1. A Cantor String is a function t(*) (see note 1, and note 2) whose domain is |N and whose codomain is the two-element set {'0','1'}.
    • No element of |N is a string of any kind, or "contains" a string.
  2. Let |T be the set of all Cantor Strings.
  3. Let s(*) be any function (see note 2) whose domain is |N and whose codomain is |T.
    • Note that this means that s(n)(*) is a function whose codomain is {'0','1'}; that is, a Cantor String.
  4. Define the function d(*), with domain |N and codomain {'0','1'}, to be a '1' if s(n)(n) is a '0', and a '0' if s(n)(n) is a '1'.
  5. The string d(n) differs any string s(n), in position n.
  6. There is a Cantor String d(*) in |T that is not mapped by s(*).
  7. |T is denumerable iff there is a function s(*) that maps every Cantor string in |T.
  8. Steps 1 thru 6 proved that there cannot be such a function (see note 3), so |T is not denumerable.

+++++

Notes:
  1. A function is a mapping from one set, called the domain, to another, called the co-domain. I use "A(*)" to represent the string named "A", and "(*)" as a placeholder to indicate this is a function. Being a function means that every member of the domain is paired with exactly one member of the codomain; but not that every member of the codomain is mapped, or that the mappings are unique.
  2. I have shown valid definitions of such functions. So they exist in ZFC.
  3. This is where Cantor used the words for "contradiction." He didn't mean that the proof itself was a "proof by contradiction," which would place restrictions on the assumed function s(*).

Last edited by JeffJo; October 11th, 2018 at 04:35 AM.
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October 11th, 2018, 04:21 AM   #196
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Quote:
Originally Posted by v8archie View Post
A non-repeating infinite string that is perfectly well defined "to the end":
1 0 11 0 111 0 1111 0 11111 0 ...
Nitpick: the point that zylo refuses to accept, is that a set can be defined without having an "end." I think it is counterproductive to pander to that misconception by referencing "the end" in any way, even in sarcastic quotes.

You provided a well-formed definition, that can identify the character at any position n in |N. Zylo would call this a "random position," and seems to include "n=infinity" as a random selection that we must reach, but obviously can't. I have no hope that we ever will, but to change his mind we need to dispel that notion.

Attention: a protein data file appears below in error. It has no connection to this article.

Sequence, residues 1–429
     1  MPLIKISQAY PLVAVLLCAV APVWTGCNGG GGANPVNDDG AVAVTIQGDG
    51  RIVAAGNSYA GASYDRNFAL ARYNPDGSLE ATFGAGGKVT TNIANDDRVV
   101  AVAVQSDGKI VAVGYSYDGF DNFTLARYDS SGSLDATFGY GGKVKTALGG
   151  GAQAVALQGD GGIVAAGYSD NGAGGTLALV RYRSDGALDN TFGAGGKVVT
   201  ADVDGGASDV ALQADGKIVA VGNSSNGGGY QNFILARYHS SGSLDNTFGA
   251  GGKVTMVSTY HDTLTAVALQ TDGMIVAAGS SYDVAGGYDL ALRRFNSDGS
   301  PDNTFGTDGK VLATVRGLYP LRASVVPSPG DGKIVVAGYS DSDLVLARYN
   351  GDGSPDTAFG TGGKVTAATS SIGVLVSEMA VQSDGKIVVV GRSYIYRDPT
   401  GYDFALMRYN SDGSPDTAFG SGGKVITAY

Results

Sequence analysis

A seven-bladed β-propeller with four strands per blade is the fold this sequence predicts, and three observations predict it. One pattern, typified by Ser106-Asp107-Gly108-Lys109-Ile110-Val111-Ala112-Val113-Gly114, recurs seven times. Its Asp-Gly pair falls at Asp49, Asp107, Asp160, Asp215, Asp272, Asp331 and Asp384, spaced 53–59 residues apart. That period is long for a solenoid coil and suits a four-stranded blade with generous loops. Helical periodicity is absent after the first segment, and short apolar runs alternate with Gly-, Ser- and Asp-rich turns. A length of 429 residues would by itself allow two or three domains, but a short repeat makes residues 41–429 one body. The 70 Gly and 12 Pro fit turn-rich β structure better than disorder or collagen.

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October 11th, 2018, 04:28 AM   #197
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Quote:
Originally Posted by zylo View Post
333....... occurs in the list of natural numbers no matter how many digits you have because the list of natural numbers doesn't end.
No, the number represented by a string with n '3's occurs in the list of natural numbers, no matter what n is. Because the list of such strings, like the list of natural numbers, doesn't end.

That doesn't mean that we can't define the endless string "333...". We can. As you are fond of pointing out, its end cannot ever be reached, so it does not represent a natural number. Just like "infinity" or "aleph0" are not natural numbers.
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October 15th, 2018, 10:11 AM   #198
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Quote:
Originally Posted by zylo View Post
So you want to see CDA with infinite binary sequences?:

0) 0 0 0 0 0 0 0 0 ...........
1) 1 0 0 0 0 0 0 0 ...........
2) 0 1 0 0 0 0 0 0 ...........
3) 1 1 0 0 0 0 0 0 ...........
4) 0 0 1 0 0 0 0 0 ...........
5) 1 0 1 0 0 0 0 0 ...........
6) 0 1 1 0 0 0 0 0 ...........
7) 1 1 1 0 0 0 0 0 ............
......................................

Cantor's diagonal string is 1 1 1 1 1 1 1 1 ....... which is the last number in a sequence of natural numbers.
So CDA proves that a sequence of natural numbers has no last member. I knew that.
It's interesting to consider the natural number representations on the left by n-place segments.
0
.
3
.
9
10
.
33
.
99
100
.
333
.
999
1000
.
3333
.
9999
..
100000.......
..
333333......
..
999999........


The last segment is simply symbolic for infinity- where you are going but never get to. Note 999999....... ("Cantor String")
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October 15th, 2018, 11:18 AM   #199
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Every string in that list you quoted contains "endless" zeros, so any other endless strings are missing.
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October 15th, 2018, 01:38 PM   #200
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Quote:
Originally Posted by skipjack View Post
Every string in that list you quoted contains "endless" zeros, so any other endless strings are missing.
No. I am counting in binary sequence so eventually the zero places fill up. Perhaps you would be more comfortable with Cantor's Diagonal argument:

Cantor's Diagonal Argument
Assume the set of all infinite binary sequences can be enumerated:

S1) 0 0 1 0 1 1 0......
S2) 0 1 0 0 1 0 0.......
S3) 1 1 0 1 0 0 1......
..............

CDS = 1 0 1............

CDS is an infinite binary sequence that is different from every member of the enumeration and therefore not in the enumeration. Contradiction. Therefore The set of infinite binary sequences is not enumerable,

PROBLEM
CDS has no predecessor in the list and therefore can only be the last member of the list, which doesn't exist because the list of infinite binary sequences has no last member. There is no contradiction and the sequence of infinite binary strings is enumerable.